ATX connector 20+4 pin (600mm) 1 1 16AWG No
8 pin EPS12V (700mm) 1 1 16AWG No
4+4 pin EPS12V (700mm) 1 1 16AWG No
6+2 pin PCIe (500mm+150mm) 2 4 16-18AWG No
12+4 pin PCIe (600mm) (600W) 1 1 16-24AWG No
SATA (500mm+150mm+150mm+150mm) 3 12 18AWG No
4-pin Molex (500mm+150mm+150mm+150mm) 1 4 18AWG No
FDD Adapter (100mm) 1 1 22AWG No

All cables are long enough, and the distance between the peripheral connectors is adequate, at 150mm. The number of legacy PCIe connectors is low, and the most important is that they are installed onto two cables only. Nonetheless, the PSU is equipped with a 12+4 pin PCIe connector, able to deliver up to 600W so there is no need to use adapters for powering NVIDIA’s RTX 4000 series graphics cards.

Protection Features

OCP (Cold @ 26°C) 12V: 119A (119%), 11.898V
5V: 30.4A (138.18%), 4.999V
3.3V: 31.1A (141.36%), 3.273V
5VSB: 5.1A (170%), 4.963V
OCP (Hot @ 42°C) 12V: 118.6A (118.6%), 11.939V
5V: 30.3A (137.73%), 4.997V
3.3V: 31A (140.91%), 3.272V
5VSB: 5A (166.67%), 4.971V
OPP (Cold @ 29°C) 1407.18W (117.27%)
OPP (Hot @ 40°C) 1407.21W (117.27%)
OTP ✓ (151°C @ 12V Heat Sink)
SCP 12V to Earth: ✓
5V to Earth: ✓
3.3V to Earth: ✓
5VSB to Earth: ✓
-12V to Earth: ✓
PWR_OK Proper operation
SIP Surge: MOV
Inrush: NTC Thermistor & Bypass relay

It is nice to see OCP at 12V and OPP being conservatively set since this is a powerful PSU. On the other hand, the minor rails have high OCP triggering points, especially the 3.3V, which are only lightly used by modern systems.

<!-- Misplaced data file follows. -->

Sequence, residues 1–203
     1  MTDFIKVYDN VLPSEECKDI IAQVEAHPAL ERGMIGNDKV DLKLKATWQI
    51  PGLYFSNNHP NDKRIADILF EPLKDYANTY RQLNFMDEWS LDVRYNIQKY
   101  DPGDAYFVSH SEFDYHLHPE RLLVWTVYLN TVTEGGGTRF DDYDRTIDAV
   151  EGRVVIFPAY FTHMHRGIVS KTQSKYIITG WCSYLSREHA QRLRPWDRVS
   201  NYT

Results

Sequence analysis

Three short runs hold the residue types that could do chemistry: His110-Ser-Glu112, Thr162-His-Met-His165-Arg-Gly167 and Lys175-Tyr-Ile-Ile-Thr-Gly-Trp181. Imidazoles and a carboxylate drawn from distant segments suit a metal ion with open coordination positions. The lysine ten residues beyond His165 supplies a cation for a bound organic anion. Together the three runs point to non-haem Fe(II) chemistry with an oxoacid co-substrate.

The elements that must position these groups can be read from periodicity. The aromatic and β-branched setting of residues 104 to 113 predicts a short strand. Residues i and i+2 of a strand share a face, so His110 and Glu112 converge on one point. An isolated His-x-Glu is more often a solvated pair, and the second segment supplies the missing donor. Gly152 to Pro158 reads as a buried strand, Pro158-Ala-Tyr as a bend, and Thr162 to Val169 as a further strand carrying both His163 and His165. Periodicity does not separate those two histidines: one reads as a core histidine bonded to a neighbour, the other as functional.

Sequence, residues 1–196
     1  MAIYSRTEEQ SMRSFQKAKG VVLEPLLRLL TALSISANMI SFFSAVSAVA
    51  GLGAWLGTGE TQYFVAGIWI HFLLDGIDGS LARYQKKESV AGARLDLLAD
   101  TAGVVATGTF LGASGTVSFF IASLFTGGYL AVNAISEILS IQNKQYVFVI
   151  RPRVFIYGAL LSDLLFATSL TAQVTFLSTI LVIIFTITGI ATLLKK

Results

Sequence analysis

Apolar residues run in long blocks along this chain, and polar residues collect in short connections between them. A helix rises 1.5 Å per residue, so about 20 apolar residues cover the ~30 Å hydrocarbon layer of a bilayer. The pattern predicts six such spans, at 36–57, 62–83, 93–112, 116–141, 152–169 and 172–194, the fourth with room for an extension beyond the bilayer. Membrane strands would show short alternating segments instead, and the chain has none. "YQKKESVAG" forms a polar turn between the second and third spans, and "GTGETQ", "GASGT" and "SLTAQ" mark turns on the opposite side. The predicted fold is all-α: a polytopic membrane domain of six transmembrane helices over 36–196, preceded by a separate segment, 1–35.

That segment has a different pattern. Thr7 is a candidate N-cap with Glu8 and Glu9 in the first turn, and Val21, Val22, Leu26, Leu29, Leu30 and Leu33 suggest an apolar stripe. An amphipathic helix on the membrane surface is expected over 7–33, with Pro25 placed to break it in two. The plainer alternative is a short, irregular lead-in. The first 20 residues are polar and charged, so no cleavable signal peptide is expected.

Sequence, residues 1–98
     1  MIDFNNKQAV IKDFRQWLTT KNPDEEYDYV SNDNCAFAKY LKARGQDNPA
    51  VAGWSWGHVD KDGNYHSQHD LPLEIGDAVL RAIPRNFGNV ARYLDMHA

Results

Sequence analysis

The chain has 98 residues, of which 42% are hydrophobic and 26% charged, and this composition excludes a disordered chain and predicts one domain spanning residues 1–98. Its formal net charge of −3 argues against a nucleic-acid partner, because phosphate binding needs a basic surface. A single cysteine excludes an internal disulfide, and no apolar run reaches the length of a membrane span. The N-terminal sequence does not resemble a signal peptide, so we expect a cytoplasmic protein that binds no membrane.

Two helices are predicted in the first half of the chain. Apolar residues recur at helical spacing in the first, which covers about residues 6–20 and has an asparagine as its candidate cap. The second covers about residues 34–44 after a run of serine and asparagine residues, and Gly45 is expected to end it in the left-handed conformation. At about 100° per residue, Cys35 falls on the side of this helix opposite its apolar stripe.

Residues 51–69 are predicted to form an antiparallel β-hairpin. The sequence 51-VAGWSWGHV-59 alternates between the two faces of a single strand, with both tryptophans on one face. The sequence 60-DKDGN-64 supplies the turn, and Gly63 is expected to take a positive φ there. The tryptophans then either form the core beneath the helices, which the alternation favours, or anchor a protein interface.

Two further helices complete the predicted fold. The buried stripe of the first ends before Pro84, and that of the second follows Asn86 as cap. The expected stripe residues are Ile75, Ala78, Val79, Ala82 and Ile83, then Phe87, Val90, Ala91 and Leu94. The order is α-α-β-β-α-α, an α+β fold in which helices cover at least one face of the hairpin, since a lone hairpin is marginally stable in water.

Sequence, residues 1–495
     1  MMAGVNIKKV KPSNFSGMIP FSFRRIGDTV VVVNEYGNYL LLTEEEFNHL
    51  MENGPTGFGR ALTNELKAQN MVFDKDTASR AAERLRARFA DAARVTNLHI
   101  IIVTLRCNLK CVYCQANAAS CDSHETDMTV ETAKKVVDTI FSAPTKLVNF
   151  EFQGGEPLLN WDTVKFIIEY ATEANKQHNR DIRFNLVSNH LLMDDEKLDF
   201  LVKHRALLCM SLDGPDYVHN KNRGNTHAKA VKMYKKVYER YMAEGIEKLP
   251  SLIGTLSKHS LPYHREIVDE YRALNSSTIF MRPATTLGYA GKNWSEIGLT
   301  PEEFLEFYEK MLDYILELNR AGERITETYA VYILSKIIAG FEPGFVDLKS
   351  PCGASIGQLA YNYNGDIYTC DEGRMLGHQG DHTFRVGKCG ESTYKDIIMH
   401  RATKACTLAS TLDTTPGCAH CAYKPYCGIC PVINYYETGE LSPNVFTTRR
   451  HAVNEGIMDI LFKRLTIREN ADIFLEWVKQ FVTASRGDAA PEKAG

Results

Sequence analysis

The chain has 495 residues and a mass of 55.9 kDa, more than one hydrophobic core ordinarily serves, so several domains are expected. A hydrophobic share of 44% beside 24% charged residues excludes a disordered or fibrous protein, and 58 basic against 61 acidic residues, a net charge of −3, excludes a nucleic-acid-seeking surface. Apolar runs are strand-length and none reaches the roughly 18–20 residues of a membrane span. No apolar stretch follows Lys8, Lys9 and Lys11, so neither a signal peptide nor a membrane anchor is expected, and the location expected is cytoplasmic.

Part Analysis

General Data
Manufacturer (OEM) CWT
Platform CSZ
PCB Type Double-Sided
Primary Side
Transient Filter 4x Y caps, 2x X caps, 2x CM chokes, 1x MOV
Inrush Protection 1x NTC Thermistor SCK-207R0 (7 Ohm) & Relay
Bridge Rectifier(s)
2x Vishay LVB2560 (600V, 25A @ 105°C)
3x Infineon IPA60R099P6 (600V, 24A @ 100°C, Rds(on): 0.099Ohm)
APFC Boost Diode
1x On Semiconductor FFSP1665A (650V, 16A @ 135°C)
Bulk Cap(s)
1x Rubycon (420V, 680uF, 2,000h @ 105°C, MXE) &
1x Nippon Chemi-Con (420V, 470uF, 2,000h @ 105°C, KMZ)
Main Switchers
2x Infineon IPA60R099P6 (600V, 24A @ 100°C, Rds(on): 0.099Ohm)
APFC Controller
Champion CM6500UNX & CM03X
Resonant Controller Champion CU6901VAC
Primary side: APFC, Half-Bridge & LLC converter
Secondary side: Synchronous Rectification & DC-DC converters
Secondary Side
+12V MOSFETs 8x Infineon BSC010N04LS (40V, 178A @ 100°C, Rds(on): 1mOhm)
5V & 3.3V DC-DC Converters: 2x UBIQ QN3107M6N (30V, 70A @ 100°C, Rds(on): 2.6mOhm) &
2x UBIQ QM3054M6 (30V, 61A @ 100°C, Rds(on): 4.8mOhm)
PWM Controller(s): uPI-Semi uP3861P
Filtering Capacitors Electrolytic: 3x Nippon Chemi-Con (105°C, W), 1x Nichicon (2-5,000h @ 105°C, HD), 2x Nichicon (4-10,000h @ 105°C, HE), 1x Rubycon (6-10,000h @ 105°C, ZLH), 1x Nippon Chemi-Con (4-10,000h @ 105°C, KY), 1x Nippon Chemi-Con (4-10,000h @ 105°C, KYA)
Polymer: 21x FPCAP, 7x NIC
Supervisor IC Weltrend WT7502R
Fan Controller Microchip PIC16F1503
Fan Model Hong Hua HA13525H12SF-Z (135mm, 12V, 0.5A, Fluid Dynamic Bearing Fan)
5VSB Circuit
1x D10S45L SBR (45V, 10A)